CREDIT: AP Photo/Nati Harnik
Lawmakers in South Dakota are beginning to take the first steps to advance a stringent law that could end up banning abortions after just seven weeks of pregnancy. If it becomes law, it will be the second harshest ban in the nation — right behind the state’s neighbor, North Dakota, which passed a six-week abortion ban last year that’s currently blocked from taking effect.
The legislation in question, House Bill 1241, doesn’t explicitly ban abortions at a certain point in a pregnancy. Instead, it uses vague and biased language to describe the abortion procedure in a way that could have serious consequences for the doctors in the state.
HB 1241 seeks to “prohibit the dismemberment or decapitation of certain living unborn children.” The doctors who violate the proposed law would be charged with a Class 2 felony, and could face up to 25 years in prison and a $50,000 fine. According to the Republican lawmaker who introduced the measure, state Rep. Isaac Latterell, the bill is intended to target certain types of later abortion procedures after 16 weeks of pregnancy that involve dilation and evacuation.
“It just makes clear that a certain procedure that is totally horrific and gruesome to any reasonable person would not be an acceptable method of ending a child’s life, and that is to dismember or decapitate a living, unborn child,” Latterell explained to the Argus Leader.
However, as RH Reality Check reports, there aren’t any clinics in South Dakota that perform those type of later abortions in the first place. There’s only one abortion clinic in the state, and it offers surgical abortion procedures up to 13 weeks of pregnancy. The patients who require the type of later abortion care that Latterell is concerned about are referred to other states. But that doesn’t mean HB 1241 wouldn’t have any impact. The measure’s vague language would actually target the abortion doctors who are providing earlier procedures, because they may be too worried about the potential legal ramifications of ending a pregnancy.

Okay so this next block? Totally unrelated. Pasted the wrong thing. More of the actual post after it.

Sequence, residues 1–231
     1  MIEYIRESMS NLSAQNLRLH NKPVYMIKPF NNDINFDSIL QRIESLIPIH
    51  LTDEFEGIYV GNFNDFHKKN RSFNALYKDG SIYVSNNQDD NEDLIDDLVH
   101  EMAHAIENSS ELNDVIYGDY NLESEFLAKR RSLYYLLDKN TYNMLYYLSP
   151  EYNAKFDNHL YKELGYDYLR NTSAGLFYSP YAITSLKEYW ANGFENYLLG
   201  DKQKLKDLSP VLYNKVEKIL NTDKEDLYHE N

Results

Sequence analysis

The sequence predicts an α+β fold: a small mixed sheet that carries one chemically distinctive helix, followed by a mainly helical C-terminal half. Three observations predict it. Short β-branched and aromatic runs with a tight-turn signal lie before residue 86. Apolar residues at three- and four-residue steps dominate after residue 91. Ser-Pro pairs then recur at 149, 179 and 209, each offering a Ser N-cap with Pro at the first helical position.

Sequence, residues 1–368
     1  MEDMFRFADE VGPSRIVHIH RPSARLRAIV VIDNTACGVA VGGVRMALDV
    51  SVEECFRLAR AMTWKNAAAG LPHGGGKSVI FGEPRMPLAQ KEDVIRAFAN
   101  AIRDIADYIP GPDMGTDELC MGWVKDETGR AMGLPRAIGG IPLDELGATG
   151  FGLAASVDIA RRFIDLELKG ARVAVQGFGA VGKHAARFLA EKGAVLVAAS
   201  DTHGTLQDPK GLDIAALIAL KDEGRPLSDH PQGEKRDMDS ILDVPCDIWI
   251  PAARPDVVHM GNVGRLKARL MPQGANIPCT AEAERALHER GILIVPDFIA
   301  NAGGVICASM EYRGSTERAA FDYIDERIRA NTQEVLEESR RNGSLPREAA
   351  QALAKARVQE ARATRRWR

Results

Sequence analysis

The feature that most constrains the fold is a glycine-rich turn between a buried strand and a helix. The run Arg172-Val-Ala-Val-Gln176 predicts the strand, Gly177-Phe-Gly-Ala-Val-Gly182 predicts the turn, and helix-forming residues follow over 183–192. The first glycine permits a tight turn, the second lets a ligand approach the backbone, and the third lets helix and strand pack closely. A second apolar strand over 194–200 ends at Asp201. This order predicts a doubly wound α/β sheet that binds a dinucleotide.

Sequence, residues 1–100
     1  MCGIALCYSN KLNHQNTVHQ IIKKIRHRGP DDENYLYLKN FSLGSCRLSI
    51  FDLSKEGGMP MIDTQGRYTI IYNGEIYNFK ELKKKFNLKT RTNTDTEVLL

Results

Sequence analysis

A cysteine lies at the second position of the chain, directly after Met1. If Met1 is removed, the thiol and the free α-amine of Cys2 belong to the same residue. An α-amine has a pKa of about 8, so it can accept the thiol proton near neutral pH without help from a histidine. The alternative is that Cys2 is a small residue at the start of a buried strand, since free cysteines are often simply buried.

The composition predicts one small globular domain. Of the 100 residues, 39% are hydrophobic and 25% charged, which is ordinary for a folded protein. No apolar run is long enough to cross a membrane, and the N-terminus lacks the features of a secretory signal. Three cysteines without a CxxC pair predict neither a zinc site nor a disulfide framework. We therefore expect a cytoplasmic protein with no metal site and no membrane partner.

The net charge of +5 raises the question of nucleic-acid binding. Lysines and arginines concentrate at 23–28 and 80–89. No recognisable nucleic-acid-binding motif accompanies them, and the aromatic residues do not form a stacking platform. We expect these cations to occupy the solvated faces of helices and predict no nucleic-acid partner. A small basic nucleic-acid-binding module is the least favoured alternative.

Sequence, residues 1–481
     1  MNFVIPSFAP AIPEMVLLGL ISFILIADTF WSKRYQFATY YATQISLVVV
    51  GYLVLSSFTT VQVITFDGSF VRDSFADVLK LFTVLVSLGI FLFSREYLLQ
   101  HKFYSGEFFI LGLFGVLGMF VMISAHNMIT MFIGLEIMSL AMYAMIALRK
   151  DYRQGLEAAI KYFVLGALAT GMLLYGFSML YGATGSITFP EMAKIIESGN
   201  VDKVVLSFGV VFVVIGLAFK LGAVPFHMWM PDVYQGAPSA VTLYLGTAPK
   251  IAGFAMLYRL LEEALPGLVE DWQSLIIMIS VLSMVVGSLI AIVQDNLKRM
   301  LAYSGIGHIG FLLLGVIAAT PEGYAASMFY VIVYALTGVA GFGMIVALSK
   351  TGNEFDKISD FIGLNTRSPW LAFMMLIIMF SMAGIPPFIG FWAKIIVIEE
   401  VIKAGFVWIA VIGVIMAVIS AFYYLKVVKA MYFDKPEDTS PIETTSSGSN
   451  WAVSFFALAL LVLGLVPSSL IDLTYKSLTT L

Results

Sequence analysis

“As soon as there are visible parts, the embryo or fetus is rarely removed intact,” one physician who preferred to remain anonymous explained to RH Reality Check. “This bill could ban any abortion past seven weeks.”
This type of uncertainty is exactly what state-level abortion restrictions are designed to create. If abortion providers are operating in a climate of fear because they aren’t sure how they’re supposed to interpret new laws, many of them will choose to stop performing abortions so they’re not at risk of going to jail.
And this type of language about abortion — construing it as “dismemberment or decapitation” — is specifically intended to give the impression that all abortion procedures are barbaric and all abortion providers are monsters. In fact, nearly 90 percent of abortions occur in the first trimester and aren’t analogous to the scene that HB 1241 conjures up. Nonetheless, the anti-choice community repeatedly accuses Planned Parenthood of committing “infanticide,” or uses terms like “post-birth abortion” and “partial-birth abortion” to evoke gruesome images. And after illegal abortion provider Kermit Gosnell’s crimes came to light, the right-wing media has done everything in its power to misconstrue safe and legal clinics as carrying on Gosnell’s work.
HB 1241 has been referred to South Dakota’s Health and Human Services Committee. And lawmakers in the state have recently been trying to restrict abortion in other ways, too — this week, a legislative panel advanced a different abortion bill that would ban women from ending a pregnancy based on the fetus’ gender, another requirement that would be difficult for doctors to enforce.